the big C. right behind heart disease for the biggest killer. well, screw you, big C. you picked the wrong brain (quite possibly the worst pun ever made) in which to crash.

one more thing (and i hope i don't die and suddenly these blog postings become something that gets distributed to my family at the funeral), i went to confession this afternoon. i went because more than anything, i'm looking for some courage and some peace of mind and somewhere to draw some strength. so i fell back on the most basic of my catholic grade school tenets--need help? talk to a priest!

well, as i should have predicted, it didn't exactly turn into the soul-cleansing moment of clarity i hoped it would be. despite my attempts to explain to the priest, who was a very kind man and very well-versed in the chatechism, that i didn't know what to do with my fears and my weakness at a time in my life in which i wanted faith and strength, he went through the 10 commandments to make sure we covered all of my sins.

sigh... what was i thinking? it was the sacrament of reconcilliation! at least now i can go forward with a clear conscience, except that i don't really feel repentant for having "fornicated". he told me as my penance to read psalm 86. i haven't done it yet. could it be that my solace and strength could be in that psalm? i won't put that expectation on it, but i'll try to be open to whatever it has to tell me.

and, despite the 8 to 10 years that have passed since i've gone to confession, i still managed to recite the act of contrition verbatim. damn right. see that brain tumor? you ain't got shit (oh well, there goes that clearing of conscience for the swear words).

tomorrow and tomorrow and tomorrow...

Wednesday, April 14, 2004

nineteen days...

in my PDA i keep cutting-and-pasting "dr. neff appt." from one day to the next. everytime i call to verify that they have gotten the pathology results from my biopsy, they either tell me that the pathologist needs a few more days or that he's out of the office or something else that sounds totally made up to me. it has been nineteen days since the biopsy. i've gone from contentedly waiting to increasingly paranoid. in my mind (i hate that all equivalent phrases--in my head, my thoughts, whatever--now carry this stupid irony) this thing has fingers like the tree in _poltergeist_ and is rapidly taking over all facets of neurological function. soon, i'll be a vegetable and i'm sure to be incontinent.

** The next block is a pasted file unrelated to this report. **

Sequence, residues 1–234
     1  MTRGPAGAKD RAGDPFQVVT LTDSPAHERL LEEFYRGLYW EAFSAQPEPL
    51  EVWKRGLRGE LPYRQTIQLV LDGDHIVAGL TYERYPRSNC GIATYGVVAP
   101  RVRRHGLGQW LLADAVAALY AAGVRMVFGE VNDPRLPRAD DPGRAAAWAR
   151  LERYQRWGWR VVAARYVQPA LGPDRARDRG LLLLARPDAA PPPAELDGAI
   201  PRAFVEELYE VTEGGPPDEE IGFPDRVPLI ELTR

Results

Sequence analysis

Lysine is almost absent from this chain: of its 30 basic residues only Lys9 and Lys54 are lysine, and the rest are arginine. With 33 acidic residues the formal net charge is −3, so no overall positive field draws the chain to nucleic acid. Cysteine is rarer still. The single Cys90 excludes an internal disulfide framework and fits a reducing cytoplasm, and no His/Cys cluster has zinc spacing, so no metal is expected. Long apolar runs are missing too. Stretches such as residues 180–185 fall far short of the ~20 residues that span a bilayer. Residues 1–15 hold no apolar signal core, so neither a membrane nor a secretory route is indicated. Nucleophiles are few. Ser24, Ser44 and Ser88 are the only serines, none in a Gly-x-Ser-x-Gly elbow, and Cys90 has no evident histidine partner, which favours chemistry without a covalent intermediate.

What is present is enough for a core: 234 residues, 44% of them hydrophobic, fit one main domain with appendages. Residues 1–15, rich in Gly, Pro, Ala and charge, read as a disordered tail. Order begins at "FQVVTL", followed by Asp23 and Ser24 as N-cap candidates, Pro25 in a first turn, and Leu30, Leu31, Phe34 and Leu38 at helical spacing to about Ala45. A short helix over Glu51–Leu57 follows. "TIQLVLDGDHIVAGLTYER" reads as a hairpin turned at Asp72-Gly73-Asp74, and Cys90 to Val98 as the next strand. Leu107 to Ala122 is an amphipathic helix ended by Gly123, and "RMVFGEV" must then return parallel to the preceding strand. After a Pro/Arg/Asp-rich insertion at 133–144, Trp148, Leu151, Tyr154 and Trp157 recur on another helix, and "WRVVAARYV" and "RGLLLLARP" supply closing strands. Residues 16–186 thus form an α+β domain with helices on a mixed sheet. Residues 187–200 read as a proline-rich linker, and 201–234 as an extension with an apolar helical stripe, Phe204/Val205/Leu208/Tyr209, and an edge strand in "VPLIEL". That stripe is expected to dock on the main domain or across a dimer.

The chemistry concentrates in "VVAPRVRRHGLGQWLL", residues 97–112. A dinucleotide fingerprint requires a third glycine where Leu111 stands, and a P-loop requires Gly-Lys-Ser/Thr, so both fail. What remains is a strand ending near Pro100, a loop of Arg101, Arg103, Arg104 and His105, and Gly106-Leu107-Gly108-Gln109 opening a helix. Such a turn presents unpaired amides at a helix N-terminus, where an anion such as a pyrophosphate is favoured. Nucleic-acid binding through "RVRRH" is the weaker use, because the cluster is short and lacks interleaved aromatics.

[the dog just plopped herself down on stean's dirty laundry--i'm glad he's not here to see this]

carrie, one of our MCAT teachers, stopped by the office yesterday and talked to me for a while. she said that there are many many different types of brain tumors, and if the pathology doesn't get it right, the treatment for some type of tumor that i don't have could kill me. this makes me feel only slightly better. did i mention it's been 19 days? another fun fact: it's been 22 days since my seizures. 19/22nds = way too long.

a brain tumor? i mean, a fucking brain tumor??? i read (i have to stop reading things about this) that only 16,000 people get diagnosed with a brain tumor per year! 16,000? that's not even enough people to get enraged about! it's like a minor human rights violation, the kind that gets overlooked for the bigger ones that impact more people, the somalian refugees, the apartheids, the breast cancers, the heart diseases. jesus. who the hell gets a brain tumor?

nothing feels normal anymore. nothing. not even sleeping. not even taking a shower or going to the bathroom or watching a movie. i always feel like i'm on medication and i constantly think about it. i might die from this. i'm 27, hardly an adult. there are things i want to do. like this stuff:

graduate from law school
love my career
marry stean
be a good mother
run a marathon
grow my own garden
play the piano

see? these aren't extravagant or unrealistic. i just want to be given the chance to get old. i've never wanted to get old more in my life.

i'm seriously so angry and afraid and confused over all this stuff and i know that having the answers that these tests will provide is not necessarily going to make anything better, but at least it would feel like progress. maybe i died in the biopsy and this is my hell--i'm damned to sit around and wait for results that will never come and just feel terrified and uncertain.